Recently I picked up a few Canadian Silver Maples on a whim. Nice looking coins. I don’t have much for or against Queen Elizabeth but I guess her “entrance” into the Olympics opening ceremony was endearing. The maple leaf on the back looks cool though. The simplicity of the design and the silver makes me think of ice and crisp weather, which Canada is known for.
Many silver investors prefer government minted coins, particularly US silver eagles. There tends to be a slightly higher markup on silver eagles than some privately minted bullion. Eagles can be put in an IRA (I don’t know why you would want to do that, but yeah, they can) and one of the other selling points of US eagles is that they have a face value of one US dollar so as long as the dollar exists and let’s say a large meteor made of pure silver makes a soft landing on Earth and brings the market done to nothing, the silver eagle will still maintain some value. Many people say the same thing with pre-64 US silver coins (aka “junk silver”) for the same reason – they’ll always have their face value at the very least.
I didn’t realize it until I held the Maple Leaf in my hand, but the coin has a face value of five Canadian dollars. The markup on Maples is sometimes slightly lower than US Eagles, which only offer a one US dollar face value. That means that if you bought a silver maple today for approximately $30, your investment would be backed by five Canadian dollars, which is worth about five US dollars today. That’s 18% backed up by currency, which isn’t a bad little “safety net” should the silver market completely fall through. The Canadian dollar is a currency that many investors like as well, being as their economy is heavily based on commodities.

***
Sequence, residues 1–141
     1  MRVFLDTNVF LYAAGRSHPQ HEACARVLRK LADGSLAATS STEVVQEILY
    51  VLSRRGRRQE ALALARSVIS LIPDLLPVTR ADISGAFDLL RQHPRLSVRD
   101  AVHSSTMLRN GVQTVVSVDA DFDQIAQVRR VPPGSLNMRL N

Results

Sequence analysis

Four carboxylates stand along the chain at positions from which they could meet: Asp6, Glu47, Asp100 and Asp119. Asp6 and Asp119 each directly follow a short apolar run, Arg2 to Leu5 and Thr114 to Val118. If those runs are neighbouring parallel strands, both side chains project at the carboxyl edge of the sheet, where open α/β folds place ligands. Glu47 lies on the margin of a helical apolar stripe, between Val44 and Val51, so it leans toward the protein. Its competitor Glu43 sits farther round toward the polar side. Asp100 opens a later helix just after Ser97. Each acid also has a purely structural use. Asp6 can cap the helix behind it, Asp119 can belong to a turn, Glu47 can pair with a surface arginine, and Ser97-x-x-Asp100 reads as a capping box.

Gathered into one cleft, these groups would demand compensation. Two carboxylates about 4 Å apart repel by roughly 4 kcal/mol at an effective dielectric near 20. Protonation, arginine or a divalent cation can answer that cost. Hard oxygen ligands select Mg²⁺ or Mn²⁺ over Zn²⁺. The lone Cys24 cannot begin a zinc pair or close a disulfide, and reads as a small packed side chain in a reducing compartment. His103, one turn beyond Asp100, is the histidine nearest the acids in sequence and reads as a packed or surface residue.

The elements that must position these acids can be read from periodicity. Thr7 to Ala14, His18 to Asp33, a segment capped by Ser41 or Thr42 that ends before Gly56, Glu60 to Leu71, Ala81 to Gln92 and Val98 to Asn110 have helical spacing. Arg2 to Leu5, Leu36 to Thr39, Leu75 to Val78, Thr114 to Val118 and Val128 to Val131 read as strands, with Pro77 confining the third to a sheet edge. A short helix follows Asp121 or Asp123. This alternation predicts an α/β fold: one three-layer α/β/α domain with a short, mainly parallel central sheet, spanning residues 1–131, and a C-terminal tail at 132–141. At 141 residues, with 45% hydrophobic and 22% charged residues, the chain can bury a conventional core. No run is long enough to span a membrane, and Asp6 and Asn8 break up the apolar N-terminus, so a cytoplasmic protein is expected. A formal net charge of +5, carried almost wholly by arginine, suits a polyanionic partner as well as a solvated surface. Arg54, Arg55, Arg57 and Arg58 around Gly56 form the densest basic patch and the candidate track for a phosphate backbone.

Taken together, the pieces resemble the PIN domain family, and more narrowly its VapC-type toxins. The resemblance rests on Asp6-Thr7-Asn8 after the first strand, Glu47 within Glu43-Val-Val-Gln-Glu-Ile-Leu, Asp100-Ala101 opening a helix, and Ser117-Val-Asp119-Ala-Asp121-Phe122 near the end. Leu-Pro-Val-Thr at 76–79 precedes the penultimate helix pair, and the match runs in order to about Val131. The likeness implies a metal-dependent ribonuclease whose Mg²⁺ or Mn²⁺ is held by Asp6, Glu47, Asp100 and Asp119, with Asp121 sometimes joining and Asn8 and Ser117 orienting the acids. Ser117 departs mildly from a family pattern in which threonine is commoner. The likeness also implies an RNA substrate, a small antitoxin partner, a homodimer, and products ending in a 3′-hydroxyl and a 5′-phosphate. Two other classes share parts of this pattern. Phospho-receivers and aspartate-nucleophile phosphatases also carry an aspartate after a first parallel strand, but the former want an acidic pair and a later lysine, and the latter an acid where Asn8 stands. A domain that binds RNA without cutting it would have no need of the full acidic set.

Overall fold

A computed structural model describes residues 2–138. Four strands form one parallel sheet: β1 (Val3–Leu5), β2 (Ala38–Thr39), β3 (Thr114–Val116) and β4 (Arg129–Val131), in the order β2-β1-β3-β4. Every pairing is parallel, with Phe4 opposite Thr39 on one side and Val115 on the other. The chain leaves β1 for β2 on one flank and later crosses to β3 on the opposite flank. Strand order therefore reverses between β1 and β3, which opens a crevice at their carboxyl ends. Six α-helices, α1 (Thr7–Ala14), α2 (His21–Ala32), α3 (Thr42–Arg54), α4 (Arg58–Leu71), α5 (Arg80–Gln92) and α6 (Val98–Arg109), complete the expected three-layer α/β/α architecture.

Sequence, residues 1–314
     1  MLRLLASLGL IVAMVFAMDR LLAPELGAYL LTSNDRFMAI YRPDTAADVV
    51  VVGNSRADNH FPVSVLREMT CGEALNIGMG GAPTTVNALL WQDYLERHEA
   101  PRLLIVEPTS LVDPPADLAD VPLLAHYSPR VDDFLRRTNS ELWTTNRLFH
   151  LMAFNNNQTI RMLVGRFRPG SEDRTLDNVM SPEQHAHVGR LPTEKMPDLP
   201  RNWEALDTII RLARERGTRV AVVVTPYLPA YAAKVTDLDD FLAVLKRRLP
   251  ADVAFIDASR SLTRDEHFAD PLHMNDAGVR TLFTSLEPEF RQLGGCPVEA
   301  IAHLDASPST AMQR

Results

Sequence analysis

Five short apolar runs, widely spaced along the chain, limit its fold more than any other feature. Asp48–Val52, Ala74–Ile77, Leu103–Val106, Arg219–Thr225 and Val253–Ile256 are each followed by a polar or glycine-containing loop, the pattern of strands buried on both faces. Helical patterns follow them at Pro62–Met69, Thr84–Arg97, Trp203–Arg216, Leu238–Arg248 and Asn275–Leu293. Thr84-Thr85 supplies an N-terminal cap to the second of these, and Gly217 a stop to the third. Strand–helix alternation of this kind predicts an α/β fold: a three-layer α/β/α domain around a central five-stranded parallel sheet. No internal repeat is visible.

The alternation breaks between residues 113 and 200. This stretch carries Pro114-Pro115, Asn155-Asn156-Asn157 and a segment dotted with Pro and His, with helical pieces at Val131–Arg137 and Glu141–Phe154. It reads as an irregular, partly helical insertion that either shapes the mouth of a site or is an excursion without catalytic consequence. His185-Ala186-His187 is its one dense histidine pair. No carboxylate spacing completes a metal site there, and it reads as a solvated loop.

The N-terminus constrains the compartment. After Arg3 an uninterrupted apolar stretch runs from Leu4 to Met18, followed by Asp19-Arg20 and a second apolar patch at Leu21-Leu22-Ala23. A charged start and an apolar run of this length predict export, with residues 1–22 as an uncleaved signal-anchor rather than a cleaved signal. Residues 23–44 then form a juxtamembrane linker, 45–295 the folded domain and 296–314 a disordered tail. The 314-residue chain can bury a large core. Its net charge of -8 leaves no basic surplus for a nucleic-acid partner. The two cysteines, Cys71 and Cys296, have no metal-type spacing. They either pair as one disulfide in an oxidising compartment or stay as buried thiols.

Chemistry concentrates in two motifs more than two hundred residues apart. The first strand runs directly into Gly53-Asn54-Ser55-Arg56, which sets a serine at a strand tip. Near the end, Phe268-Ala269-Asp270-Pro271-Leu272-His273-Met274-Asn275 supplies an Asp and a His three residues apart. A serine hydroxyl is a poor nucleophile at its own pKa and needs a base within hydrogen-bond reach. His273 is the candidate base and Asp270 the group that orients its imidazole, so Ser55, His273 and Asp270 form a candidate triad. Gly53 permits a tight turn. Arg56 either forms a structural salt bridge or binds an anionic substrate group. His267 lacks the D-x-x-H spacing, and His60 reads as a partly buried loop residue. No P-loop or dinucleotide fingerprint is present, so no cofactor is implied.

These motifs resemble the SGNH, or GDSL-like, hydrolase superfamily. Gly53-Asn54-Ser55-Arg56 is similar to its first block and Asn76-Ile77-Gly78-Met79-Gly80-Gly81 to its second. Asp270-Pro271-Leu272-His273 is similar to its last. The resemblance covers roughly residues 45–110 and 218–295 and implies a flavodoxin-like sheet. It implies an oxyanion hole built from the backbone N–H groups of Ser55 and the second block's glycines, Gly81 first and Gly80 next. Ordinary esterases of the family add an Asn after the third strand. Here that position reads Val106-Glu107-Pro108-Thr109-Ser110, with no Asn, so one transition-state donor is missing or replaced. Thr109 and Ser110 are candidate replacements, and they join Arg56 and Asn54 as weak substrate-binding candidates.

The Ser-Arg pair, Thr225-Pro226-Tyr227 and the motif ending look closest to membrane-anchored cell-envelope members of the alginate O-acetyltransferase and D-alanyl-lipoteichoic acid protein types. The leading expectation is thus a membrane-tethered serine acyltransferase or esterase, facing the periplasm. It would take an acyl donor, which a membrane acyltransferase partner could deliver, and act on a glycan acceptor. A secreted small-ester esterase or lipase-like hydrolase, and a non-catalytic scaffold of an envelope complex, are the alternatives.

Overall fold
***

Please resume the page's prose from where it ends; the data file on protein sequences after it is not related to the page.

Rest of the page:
Most of us that invest in silver do so because we believe that it’s a hedge against inflation, government mismanagement of economies and/or believe that there’s a genuine upside potential due to supply and demand. I don’t believe that the silver market will drop to a point where you would rather have the face value of silver coins, but going with Canadian Maples provides a notable amount of “insurance” in the way of face value over Eagles for a similar, if not lower price. It’s just something to consider when making silver purchases…
See also Investing in Silver 101